Noting that The Fresh Market’s center store sections tend to average an insufficient $200,000 per week per store, industry observer Burt Flickinger, of New York-based Strategic Resource Group, expressed confidence that Anicetti, whom he identified as “one of top two or three turnaround officers in all the United States and Canada,” would be able to increase customer counts.

Flickinger pointed out that The Fresh Market had in the past underspent significantly on capital expenditures, getting inadequate returns for the money it did spend, as well as receiving “a lot of regrettable advice” on store equipment and design, resulting in such problems as stores that are too dark. When it comes to fixing such issues, Anicetti “knows exactly what to do,” noted Flickinger.

Potential 'Pet Projects'

As for center store specifically, Flickinger predicted that Anicetti would concentrate on power categories such as cereal and pet, turning them into destinations, with pet remade into “a reincarnation of Petco.” Under Anicetti’s guidance, center store categories, including coffee and tea and beverages and juices, would become “more competitive and relevant” to consumers, especially those households with kids and pets, he said, through such strategies as working more closely with local vendors, a wider offering with more items, and forging a greater link between fresh items and grocery products. In particular, Flickinger felt that Anicetti would concentrate on lowering the cost of goods, thereby freeing up much needed capital to reinvest in center store and other initiatives.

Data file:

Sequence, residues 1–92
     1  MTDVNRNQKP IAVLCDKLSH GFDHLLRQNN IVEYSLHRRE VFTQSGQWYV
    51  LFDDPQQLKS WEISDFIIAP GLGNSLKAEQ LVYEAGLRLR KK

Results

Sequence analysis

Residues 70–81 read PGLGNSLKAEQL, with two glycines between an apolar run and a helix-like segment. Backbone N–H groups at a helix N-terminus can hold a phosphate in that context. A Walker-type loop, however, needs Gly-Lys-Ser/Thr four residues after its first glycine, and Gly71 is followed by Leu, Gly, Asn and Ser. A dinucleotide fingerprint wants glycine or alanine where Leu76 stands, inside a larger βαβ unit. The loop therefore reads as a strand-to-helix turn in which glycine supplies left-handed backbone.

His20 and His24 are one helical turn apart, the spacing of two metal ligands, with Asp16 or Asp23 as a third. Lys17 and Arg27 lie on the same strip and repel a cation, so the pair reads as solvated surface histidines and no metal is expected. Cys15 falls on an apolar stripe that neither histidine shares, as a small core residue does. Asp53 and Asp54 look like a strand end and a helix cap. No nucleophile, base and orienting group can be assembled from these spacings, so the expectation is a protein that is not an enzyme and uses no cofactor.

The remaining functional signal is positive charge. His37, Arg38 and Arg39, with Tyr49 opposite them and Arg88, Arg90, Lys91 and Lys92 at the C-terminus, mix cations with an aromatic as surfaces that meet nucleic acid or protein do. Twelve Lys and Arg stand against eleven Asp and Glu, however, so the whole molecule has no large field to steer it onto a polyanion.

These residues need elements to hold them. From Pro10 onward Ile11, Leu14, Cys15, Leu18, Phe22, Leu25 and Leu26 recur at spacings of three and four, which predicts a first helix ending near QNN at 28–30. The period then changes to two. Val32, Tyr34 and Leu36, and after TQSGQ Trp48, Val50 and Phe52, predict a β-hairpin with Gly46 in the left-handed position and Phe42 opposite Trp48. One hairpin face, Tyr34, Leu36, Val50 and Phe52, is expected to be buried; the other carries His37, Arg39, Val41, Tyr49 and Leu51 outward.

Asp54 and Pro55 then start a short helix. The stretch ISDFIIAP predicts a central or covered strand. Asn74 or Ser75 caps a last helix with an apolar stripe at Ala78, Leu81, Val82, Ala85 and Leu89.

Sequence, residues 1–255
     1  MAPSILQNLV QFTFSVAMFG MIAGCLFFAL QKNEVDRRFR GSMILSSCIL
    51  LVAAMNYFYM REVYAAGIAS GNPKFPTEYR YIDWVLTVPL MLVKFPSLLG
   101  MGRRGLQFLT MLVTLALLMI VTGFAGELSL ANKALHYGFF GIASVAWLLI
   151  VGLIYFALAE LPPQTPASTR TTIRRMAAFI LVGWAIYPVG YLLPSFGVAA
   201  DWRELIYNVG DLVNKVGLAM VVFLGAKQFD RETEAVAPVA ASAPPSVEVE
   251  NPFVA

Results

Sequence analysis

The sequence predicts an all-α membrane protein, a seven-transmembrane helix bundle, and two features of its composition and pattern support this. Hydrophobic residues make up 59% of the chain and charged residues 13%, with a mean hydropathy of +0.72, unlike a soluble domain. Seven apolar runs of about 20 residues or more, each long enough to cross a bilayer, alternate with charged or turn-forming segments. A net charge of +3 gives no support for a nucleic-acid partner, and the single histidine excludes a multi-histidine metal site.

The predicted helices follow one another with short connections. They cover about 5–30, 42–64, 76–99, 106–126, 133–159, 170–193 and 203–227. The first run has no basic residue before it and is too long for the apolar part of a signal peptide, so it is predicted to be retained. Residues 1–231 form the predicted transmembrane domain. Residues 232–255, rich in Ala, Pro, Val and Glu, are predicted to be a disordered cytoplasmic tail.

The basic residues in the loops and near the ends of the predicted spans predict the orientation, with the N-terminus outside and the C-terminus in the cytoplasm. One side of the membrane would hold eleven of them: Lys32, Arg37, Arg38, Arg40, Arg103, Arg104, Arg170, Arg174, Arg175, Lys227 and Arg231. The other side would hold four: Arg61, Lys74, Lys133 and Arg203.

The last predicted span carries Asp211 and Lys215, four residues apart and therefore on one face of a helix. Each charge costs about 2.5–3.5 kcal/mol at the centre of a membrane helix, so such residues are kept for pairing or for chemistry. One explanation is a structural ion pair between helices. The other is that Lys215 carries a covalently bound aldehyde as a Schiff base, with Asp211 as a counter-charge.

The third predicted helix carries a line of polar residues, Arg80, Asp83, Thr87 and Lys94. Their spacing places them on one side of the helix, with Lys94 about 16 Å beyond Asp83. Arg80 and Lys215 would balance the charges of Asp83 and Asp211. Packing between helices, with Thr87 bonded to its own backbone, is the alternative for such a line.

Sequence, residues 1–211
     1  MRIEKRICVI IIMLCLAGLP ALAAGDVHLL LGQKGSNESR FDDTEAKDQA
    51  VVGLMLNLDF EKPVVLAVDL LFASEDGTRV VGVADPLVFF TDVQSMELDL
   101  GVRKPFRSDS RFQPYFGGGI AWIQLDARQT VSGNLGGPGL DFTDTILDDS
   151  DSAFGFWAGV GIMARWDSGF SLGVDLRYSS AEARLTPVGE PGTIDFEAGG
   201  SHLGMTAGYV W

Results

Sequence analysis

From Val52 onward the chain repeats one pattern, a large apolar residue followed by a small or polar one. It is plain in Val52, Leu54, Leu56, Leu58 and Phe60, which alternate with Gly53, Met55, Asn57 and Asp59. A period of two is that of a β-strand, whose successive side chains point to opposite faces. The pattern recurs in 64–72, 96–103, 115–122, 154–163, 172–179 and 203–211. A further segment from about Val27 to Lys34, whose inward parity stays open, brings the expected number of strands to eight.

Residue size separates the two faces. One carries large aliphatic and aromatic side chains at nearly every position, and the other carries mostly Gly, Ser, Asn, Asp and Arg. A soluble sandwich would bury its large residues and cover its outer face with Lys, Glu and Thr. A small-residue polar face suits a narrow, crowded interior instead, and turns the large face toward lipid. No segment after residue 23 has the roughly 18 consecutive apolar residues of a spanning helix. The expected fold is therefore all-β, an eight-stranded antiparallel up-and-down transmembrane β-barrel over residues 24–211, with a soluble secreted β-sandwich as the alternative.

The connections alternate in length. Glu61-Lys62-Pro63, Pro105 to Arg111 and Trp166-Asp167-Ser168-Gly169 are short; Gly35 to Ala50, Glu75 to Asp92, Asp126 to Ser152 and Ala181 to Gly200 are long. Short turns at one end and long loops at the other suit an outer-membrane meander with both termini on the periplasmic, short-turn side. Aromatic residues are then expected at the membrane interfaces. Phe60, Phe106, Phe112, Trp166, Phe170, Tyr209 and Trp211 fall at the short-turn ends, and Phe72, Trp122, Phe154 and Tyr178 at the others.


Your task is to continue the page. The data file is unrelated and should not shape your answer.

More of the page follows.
However, The Fresh Market’s disaggregated stores across more than half of the United States, which make it hard for the grocer to achieve the operational size and scale for it to compete effectively, and the stiff competition it faces, even in its core Carolinas markets, from the likes of Harris Teeter, Lowes Foods and Ingles, have resulted in “much challenging work to do” before Anicetti can effect an successful turnaround, cautioned Flickinger, who said it would probably take “three to five years to get the company to where Rick can take it.”